As skateboarders, we’d all love to have that kind of stamina all the time. While no diet can give you the will power to have a day like Muska, athletes are beginning to look to beets to bolster their performance and endurance. Runners, cyclists and football players have all promoted beets as a boon to the body’s ability improve blood flow, build tolerance against high-intensity exercise, and replenish electrolytes. Indeed, beets are high in potassium and can support nerve and muscle function by fighting weakness, fatigue and cramps. To boot, beets are also high in vitamin C, betaine (supports liver health), and nitrates which can help lower blood pressure. Marinated in homemade balsamic vinaigrette and tossed onto a bed of mixed greens (including chard, per the title, of course), beets can keep you pushing just a little bit longer while also satisfying your healthier cravings.
In addition to beets, this salad includes homemade vegan goat cheese. I’ll say this right off the bat: if the flavor of goat cheese rubs you the wrong way (as I understand it is a very polarizing flavor, even when veganized), feel free to substitute any other vegan cheese with equally excellent results. That said, with a little extra prep work, this goat cheese—made from cashews and macadamia nuts—is the perfect complement to this already excellent salad. Top it all off with some walnuts and pumpkin seeds and you’ve got a delicious salad with a good balance of all the right nutrients, healthy fats and protein.
Roll up your cargo pants, throw on some MuskaBeatz tracks, and let’s cook.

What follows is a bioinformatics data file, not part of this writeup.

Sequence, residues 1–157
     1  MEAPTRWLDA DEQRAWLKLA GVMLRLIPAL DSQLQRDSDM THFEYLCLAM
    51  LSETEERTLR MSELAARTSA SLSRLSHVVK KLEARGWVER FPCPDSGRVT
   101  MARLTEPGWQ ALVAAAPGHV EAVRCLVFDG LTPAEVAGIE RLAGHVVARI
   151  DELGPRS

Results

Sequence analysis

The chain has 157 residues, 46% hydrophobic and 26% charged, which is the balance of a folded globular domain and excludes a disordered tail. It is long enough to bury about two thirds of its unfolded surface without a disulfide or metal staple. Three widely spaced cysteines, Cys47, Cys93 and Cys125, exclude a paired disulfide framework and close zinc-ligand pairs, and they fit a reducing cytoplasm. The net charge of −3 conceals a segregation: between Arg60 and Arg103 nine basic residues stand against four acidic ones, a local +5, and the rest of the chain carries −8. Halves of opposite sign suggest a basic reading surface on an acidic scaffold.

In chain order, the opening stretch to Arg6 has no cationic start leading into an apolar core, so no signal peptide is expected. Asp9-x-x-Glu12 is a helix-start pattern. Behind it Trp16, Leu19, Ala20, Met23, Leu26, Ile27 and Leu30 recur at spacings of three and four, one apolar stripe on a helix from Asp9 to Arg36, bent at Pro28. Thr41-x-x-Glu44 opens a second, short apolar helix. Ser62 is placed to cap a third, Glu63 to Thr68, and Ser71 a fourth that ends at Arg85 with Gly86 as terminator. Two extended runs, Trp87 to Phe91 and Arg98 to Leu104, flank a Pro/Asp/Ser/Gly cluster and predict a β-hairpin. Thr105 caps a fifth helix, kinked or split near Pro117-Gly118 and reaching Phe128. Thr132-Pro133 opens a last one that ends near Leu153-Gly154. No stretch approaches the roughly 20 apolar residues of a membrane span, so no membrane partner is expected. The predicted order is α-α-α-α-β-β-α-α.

SALAD INGREDIENTS (makes 6 servings):
- 6-8 cups of mixed greens (preferably with chard)
- 1 cup walnuts
- ¼ cup pumpkin seeds
BEETS INGREDIENTS (makes 6 servings with vinaigrette left over for dressing):
- 6 beets (stems cut off)
- ¾ cup olive oil
- ¼ cup balsamic vinegar
- ¼ tsp. salt
- ¼ tsp. pepper
GOAT CHEESE INGREDIENTS (makes 6 servings):
- 1 cup cashews
- ½ cup macadamia nuts
- ¼ cup water (from soaking cashews and macadamias)
- 1 tbsp. apple cider vinegar
- juice of 1 lemon
- sea salt (to taste)
- Because it takes some prep time, it’s best to start the goat cheese the day before – if you make it in a large enough quantity (as provided here), it should be enough to last a week. Place your cashews and macadamia nuts in a glass bowl or jar. Boil some water on the stove and soak them for at least two hours to soften them up. Once soft, drain the cashews and macadamia nuts, but hold on to ¼ cup of the water in which they were soaked for later. Add the nuts, apple cider vinegar, lemon and sea salt to a food processor and blend until creamy, adding the water little by little to keep things smooth.
- From here, there are two paths you can go down; if you want to culture your goat cheese to provide the added benefit of beneficial bacteria, then place it in a jar, seal it with plastic wrap, wrap it in a towel and place it somewhere warm overnight. If you don’t want to wait or otherwise don’t want a cultured cheese, then just place it in the fridge in a sealed container for an hour or two to chill before adding to the salad.
- Preheat the oven to 400°F. Trim the stems off the beets and wrap them individually in foil. Place them on a baking sheet and roast them for 1 hour. While the beets are roasting, prepare your vinaigrette by adding the olive oil, balsamic, salt and pepper and stirring/shaking until evenly mixed.
- Remove the beets and let them cool for 10 minutes before unwrapping the foil. At this point, you should be able to peel the skin off the beets with your bare hands. Once peeled, dice them into ½-1” cubes and place them in a medium mixing bowl with 1/3 cup of the vinaigrette mix (save the other 2/3 for salad dressing later). Stir the beets and vinaigrette and let them soak for 10 minutes before placing them back in the oven on a baking sheet for another 15 minutes at 400°F.
- Once roasted (again), add the beets to the salad ingredients and top with as many dollops of goat cheese as you desire. Drizzle as much of the remaining vinaigrette over the salad and go watch some footage of The Muska!